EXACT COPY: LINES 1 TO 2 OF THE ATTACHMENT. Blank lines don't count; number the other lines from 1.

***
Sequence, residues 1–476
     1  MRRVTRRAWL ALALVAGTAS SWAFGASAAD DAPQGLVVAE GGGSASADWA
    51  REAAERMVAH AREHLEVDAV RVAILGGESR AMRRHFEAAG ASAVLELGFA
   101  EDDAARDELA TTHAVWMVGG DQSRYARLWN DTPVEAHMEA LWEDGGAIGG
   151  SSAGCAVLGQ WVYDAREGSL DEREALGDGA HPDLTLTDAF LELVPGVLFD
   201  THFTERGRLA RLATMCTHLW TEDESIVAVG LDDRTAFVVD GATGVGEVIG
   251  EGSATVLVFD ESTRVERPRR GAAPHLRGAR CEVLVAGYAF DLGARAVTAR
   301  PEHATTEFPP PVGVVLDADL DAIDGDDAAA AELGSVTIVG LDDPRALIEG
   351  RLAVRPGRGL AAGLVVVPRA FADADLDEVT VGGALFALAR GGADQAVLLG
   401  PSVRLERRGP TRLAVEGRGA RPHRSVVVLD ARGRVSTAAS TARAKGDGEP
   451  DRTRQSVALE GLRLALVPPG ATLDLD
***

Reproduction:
Sequence, residues 1–476
     1  MRRVTRRAWL ALALVAGTAS SWAFGASAAD DAPQGLVVAE GGGSASADWA